Impact on judiciary, Senate probes
Enrile’s appointments in the committee chairmanships could also affect the judiciary and the ongoing Senate probes. As a matter of courtesy, Senators Francis Pangilinan and Alan Peter Cayetano have relinquished their posts as majority floor leader and blue ribbon committee chair, respectively.

It remains unclear if Pangilinan will retain his position in the Judicial and Bar Council (JBC). Supreme Court watchers are worried that an administration senator may replace Pangilinan.

The position is crucial with seven vacancies in the High Court next year. The JBC is the body that screens candidates to the Supreme Court.

The leadership change will also affect the ongoing probes by Congress, said Bayan Muna Rep. Teddy Casiño . “It benefits Malacanang. It has the effect of undermining the Senate’s independence and sabotaging ongoing investigations on the fertilizer fund scam and the ‘Euro’ generals,” he said. (abs-cbnNEWS.com/Newsbreak)

De Castro Leads Poll, But Villar Closing In

By Rommel C. Lontayao, Reporter
The Manila Times

Vice President Noli de Castro topped the latest survey of likely presidential candidates for the 2010 elections, but former Senate President Manuel Villar Jr. narrowed the gap.

In a poll conducted by Pulse Asia from October 14 to 27, some 18 percent of the respondents said de Castro is their first choice as president in the next elections.

Villar and former President Joseph Estrada were tied for second, with 17 percent each.

And in a bittersweet development for Villar, who resigned as Senate president on Monday (see related front-page story), his popularity surged five percentage points from the last Pulse Asia survey that gave him only 12 percent.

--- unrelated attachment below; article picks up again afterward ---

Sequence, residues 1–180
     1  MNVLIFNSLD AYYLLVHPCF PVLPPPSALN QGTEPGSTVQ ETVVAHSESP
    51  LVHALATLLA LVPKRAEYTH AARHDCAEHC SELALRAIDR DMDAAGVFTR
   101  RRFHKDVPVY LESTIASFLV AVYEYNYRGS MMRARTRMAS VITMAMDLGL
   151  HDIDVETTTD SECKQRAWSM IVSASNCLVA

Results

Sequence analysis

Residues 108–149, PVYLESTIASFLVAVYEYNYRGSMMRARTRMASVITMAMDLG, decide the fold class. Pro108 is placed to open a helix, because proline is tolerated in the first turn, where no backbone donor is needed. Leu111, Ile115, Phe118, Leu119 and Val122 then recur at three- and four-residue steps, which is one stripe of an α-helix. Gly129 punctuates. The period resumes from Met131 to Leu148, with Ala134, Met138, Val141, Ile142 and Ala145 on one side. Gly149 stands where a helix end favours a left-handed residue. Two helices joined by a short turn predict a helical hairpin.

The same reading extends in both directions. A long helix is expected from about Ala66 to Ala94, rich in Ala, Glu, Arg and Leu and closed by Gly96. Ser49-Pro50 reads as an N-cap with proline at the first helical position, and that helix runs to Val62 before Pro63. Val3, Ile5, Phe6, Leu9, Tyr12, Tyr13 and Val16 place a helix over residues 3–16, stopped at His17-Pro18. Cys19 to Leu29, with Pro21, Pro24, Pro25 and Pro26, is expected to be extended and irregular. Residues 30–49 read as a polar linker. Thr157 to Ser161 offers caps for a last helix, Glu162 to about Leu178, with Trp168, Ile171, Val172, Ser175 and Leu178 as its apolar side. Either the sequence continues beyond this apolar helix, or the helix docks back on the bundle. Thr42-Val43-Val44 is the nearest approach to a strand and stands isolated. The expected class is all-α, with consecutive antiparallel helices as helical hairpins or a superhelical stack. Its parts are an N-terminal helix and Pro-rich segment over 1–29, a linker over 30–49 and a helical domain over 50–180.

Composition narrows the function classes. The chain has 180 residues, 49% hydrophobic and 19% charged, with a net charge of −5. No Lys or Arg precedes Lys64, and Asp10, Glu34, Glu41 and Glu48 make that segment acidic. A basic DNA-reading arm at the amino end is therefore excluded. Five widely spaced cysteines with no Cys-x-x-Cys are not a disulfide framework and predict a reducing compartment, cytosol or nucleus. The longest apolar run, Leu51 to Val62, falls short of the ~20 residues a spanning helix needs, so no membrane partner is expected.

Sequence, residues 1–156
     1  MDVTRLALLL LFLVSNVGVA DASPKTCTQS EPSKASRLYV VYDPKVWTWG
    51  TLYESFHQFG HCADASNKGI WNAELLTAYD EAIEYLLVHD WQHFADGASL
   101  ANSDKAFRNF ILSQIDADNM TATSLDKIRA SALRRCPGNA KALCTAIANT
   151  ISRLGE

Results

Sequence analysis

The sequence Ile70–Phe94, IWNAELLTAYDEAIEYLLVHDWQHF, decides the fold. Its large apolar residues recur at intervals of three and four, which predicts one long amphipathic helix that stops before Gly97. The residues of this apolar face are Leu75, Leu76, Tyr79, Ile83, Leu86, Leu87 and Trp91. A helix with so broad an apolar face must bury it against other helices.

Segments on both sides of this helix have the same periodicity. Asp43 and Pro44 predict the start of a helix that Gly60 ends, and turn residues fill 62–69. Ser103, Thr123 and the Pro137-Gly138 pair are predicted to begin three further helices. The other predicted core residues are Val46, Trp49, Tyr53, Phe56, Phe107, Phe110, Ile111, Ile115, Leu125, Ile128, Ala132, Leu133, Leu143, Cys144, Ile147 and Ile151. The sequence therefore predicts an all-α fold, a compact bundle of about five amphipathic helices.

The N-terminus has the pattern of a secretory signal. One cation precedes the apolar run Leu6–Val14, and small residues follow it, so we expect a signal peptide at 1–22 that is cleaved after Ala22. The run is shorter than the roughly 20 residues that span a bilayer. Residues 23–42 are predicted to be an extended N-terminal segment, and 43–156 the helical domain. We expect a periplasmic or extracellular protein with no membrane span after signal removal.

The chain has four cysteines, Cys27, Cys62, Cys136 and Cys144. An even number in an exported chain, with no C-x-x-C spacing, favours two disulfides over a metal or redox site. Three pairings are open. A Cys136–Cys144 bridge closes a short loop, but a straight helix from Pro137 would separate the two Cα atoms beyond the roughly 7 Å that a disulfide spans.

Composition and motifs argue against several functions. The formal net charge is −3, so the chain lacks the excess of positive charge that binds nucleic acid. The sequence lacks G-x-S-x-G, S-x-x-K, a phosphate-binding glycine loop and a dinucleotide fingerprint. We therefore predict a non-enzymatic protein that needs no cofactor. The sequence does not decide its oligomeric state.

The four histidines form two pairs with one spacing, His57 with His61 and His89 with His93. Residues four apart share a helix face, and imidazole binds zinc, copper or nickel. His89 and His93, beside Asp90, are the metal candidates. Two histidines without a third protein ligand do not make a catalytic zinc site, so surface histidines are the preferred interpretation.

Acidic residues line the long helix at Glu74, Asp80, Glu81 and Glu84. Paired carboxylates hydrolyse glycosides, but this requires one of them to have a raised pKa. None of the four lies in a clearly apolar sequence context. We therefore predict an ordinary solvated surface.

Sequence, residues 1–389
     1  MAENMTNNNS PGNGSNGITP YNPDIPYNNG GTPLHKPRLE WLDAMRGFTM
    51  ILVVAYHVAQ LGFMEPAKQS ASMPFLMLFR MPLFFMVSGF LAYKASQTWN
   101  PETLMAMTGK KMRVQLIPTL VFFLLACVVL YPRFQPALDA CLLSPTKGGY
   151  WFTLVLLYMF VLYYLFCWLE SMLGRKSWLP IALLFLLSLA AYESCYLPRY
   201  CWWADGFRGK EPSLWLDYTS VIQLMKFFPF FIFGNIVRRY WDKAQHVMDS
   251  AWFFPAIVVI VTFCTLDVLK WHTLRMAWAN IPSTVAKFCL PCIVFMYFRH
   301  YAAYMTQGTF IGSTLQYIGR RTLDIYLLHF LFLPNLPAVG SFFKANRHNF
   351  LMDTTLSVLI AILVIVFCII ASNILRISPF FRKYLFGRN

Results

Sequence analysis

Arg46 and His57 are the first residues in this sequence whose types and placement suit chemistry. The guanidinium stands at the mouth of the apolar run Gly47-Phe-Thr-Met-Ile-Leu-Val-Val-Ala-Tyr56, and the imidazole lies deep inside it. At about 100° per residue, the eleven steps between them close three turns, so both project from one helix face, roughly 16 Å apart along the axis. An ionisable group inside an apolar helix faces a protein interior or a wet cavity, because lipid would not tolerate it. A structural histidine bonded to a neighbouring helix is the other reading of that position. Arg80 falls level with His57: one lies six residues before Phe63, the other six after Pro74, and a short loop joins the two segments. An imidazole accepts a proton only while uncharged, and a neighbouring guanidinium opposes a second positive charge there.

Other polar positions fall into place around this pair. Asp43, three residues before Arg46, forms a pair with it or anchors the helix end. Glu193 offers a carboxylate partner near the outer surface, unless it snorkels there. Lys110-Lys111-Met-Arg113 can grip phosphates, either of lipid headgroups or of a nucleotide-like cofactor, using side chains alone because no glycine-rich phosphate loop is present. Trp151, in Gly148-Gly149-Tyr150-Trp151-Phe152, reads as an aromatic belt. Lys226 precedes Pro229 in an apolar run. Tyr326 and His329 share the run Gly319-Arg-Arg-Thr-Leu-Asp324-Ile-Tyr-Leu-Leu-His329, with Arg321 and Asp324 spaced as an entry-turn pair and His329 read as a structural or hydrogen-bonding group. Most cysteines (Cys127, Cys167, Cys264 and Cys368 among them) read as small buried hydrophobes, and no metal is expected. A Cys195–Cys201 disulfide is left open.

Senator Francis Escudero was the fourth-most popular choice with 15 percent, followed by Senator Loren Legarda with 14 percent.

The other names picked by respondents include Senator Panfilo Lacson with 7 percent; Senator Manuel Roxas 2nd, 6 percent; and Makati City Mayor Jejomar Binay, Chairman Bayani Fernando of the Metro Manila Development Authority and evangelist Eddie Villanueva, each with 1 percent.

Regions and economic brackets

According to the survey, respondents in Metro Manila preferred Escudero (22 percent) over all other likely presidential candidates; followed by Villar (16 percent), Estrada (13 percent), Lacson (13 percent), de Castro (9 percent), Legarda (8 percent), Roxas (6 percent), Binay (5 percent) and Fernando (3 percent).

In the balance Luzon—which covers all regions on the island, except Metro Manila—Villar and de Castro each got 18 percent. Next came Estrada, 17 percent; Escudero, 16 percent; Legarda, 8 percent; and Roxas, 6 percent.

Respondents in the Visayas preferred de Castro (22 percent), followed by Legarda (21 percent), Villar (18 percent), Escudero (12 percent), Roxas (11 percent), Estrada (8 percent), Lacson (4 percent) and Villanueva (1 percent).

Estrada got his highest preference rating in Mindanao, where he was chosen by 30 percent of the respondents. De Castro followed with 20 percent; then Villar, 13 percent; Escudero, 11 percent; Legarda, 10 percent; Lacson and Roxas, 5 percent each; and Binay and Fernando, 1 percent each.

Among respondents belonging to the upper socioeconomic brackets, Pulse Asia said Villar got 19 percent, followed by Escudero (17 percent), de Castro (14 percent), Roxas (12 percent), Estrada (10 percent), Lacson (9 percent), Legarda (8 percent), Fernando (4 percent) and Binay (1 percent).

For the middleclass, both Villar and de Castro had the highest preference ratings with 18 percent each. They were followed by Escudero (17 percent), Estrada (14 percent), Legarda (12 percent), Lacson (8 percent), Roxas (5 percent), Binay (1 percent), Fernando (1 percent) and Villanueva (also 1 percent).

Estrada remained the most popular among the masses, as he got 27 percent of the respondents from class E. They preferred him over de Castro (19 percent), Legarda (18 percent), Villar (14 percent), Escudero (10 percent), Lacson (5 percent) and Roxas (5 percent).

The margin of error was plus or minus 3 percent in the national level, and plus or minus 6 percent in the regional levels, Pulse Asia said.